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| Last Updated:: 04/01/2017

Kanyakumari

 

 

 

 

 

 

 

 

 

Situated at the tip of the Indian Peninsula, Kanyakumari town is the southernmost point of mainland India. Kanyakumari is located near the Western Ghats and bordered by the Laccadive or the Lakshadweep Sea at the southwest, southeast and south of the city. The Bay of Bengal, Indian Ocean and the Arabian Sea meet here. A dip in the ocean here is considered holy. This is the only place in India, where the sunset and moonrise can be viewed simultaneously on a full moon day.

 

 

 

 

 

 

 

 

 

 

 

Kanya Kumari is notable for pilgrimage. Kannyakumari has been named after the Goddess Kannyakumari Amman who is the popular deity of the area. Legend has it that the Goddess Parvati in one of her incarnations as Devi Kanniya did penance on one of the rocks of this land's end to obtain the hand of Lord Shiva.

 

 

 

Kanyakumari Temple is also referred to as Bhagvaty Amman Temple and is one of the 108 Shakti Peetha in Hindu mythology. It is said that the backbone area of Sati Devi’s corpse fell here.

 

 

 

Legend has it that the demon Banasuran wreaked havoc on the inhabitants of this world, and that Mahavishnu requested the Gods and the humans to request primeval energy Paraasakthi to vanquish the demon. Answering the prayers of the oppressed, Shakti appeared as a young virgin girl at Kanyakumari and commenced penance with the desire of marrying Shiva at Suchindram. The celestial Sage Narada, fixed the midnight hour as the auspicious time for the wedding.   When Shiva's procession reached a site by name Vazhukkumpaarai, a rooster crowed, heralding daybreak, and that Shiva assuming that the auspicious hour was past, returned to Suchindram. The disappointed Goddess decided to spend her life in Kanyakumari as a virgin, and that all the food prepared for the wedding was laid waste and that it turned into the coloured sand seen on the southern shores of the subcontinent.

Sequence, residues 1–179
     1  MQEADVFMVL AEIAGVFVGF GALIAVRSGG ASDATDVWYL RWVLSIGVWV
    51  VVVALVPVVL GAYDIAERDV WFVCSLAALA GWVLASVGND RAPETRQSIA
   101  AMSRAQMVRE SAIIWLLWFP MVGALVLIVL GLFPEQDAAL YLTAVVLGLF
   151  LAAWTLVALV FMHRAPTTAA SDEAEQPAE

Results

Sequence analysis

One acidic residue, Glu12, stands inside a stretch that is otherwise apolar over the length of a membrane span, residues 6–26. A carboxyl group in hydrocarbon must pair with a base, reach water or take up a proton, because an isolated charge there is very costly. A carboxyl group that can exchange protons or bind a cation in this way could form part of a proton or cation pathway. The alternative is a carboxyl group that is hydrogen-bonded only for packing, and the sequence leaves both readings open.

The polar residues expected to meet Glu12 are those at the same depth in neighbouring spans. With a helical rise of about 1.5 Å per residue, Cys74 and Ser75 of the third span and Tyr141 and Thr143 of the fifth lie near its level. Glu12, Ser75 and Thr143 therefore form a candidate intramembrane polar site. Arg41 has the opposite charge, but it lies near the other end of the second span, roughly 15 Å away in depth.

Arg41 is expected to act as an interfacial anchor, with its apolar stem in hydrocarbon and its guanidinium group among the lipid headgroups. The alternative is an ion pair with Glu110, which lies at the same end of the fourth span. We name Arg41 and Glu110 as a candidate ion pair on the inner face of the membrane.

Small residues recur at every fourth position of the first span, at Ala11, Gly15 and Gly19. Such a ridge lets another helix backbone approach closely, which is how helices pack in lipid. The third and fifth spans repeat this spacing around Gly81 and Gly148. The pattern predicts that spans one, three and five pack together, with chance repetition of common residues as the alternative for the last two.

The demon Banasuran upon hearing of Shakti's story proceeded to Kanyakumari to win her hand in marriage by force, and this led to a fierce battle in which he was slain by her.

 

 

 

The temple is one of the major Hindu temples across India and is mentioned in almost all the ancient Hindu scriptures.  This is one of the rare temples in India where Devi (Mother Goddess) is worshipped as a child. The rites and rituals are done in the Kerala Namboothiri method, so there are slight differences in the way of worship compared to the temples of the nearby region. The deity is the goddess of Sanasa, so people from all over India who desire to devote their life as Sanyasin come here and take the deeksha. Swami Vivekananda came to this temple as directed by his Guru Shri Ramakrishna Prarama Hamsa, being a Sanyasi. A memorial built in his honour is accessible via ferry. There is a shrine for Kalabhairava in the temple. 

 

 

 

Pilgrimage rites include bathing at Pitru and Matru Tirtha, two rocks over which a monument honouring Swami Vivekananda, a Hindu religious leader, was built in 1970.

 

 

 

A temple town, Suchindrum is located 11 kilometers from the city of Kanyakumari. It is one of the few temples in the country where the Trinity, Brahma, Vishnu and Isvara, are worshipped. The Linga, named "Sthanumalaya", is in three parts; the top represents Lord Shiva, the middle Lord Vishnu, and the base Lord Brahma. "Sthanu" is a name of Shiva, "Mal" of Vishnu, and "Ayan" of Brahma. Being an ancient temple town it is frequented by a huge number of pilgrims each year.

 

 

 

 

 

 

 

 

 

 

 

 

Kanyakumari is also famous for Agastyar mala where Sage Agastya lived. He is the founder of Siddha vydya, so there are innumerable medicinal plants available here. He is also considered as the founder of Varma Kalai, a form of martial arts.

 

 

 

 

There is also a recently built memorial to Tiruvalluvar, the author of the philosophical work Tirukkural - a treatise on the Indian way of life.

 

 

 

 

 

 

 

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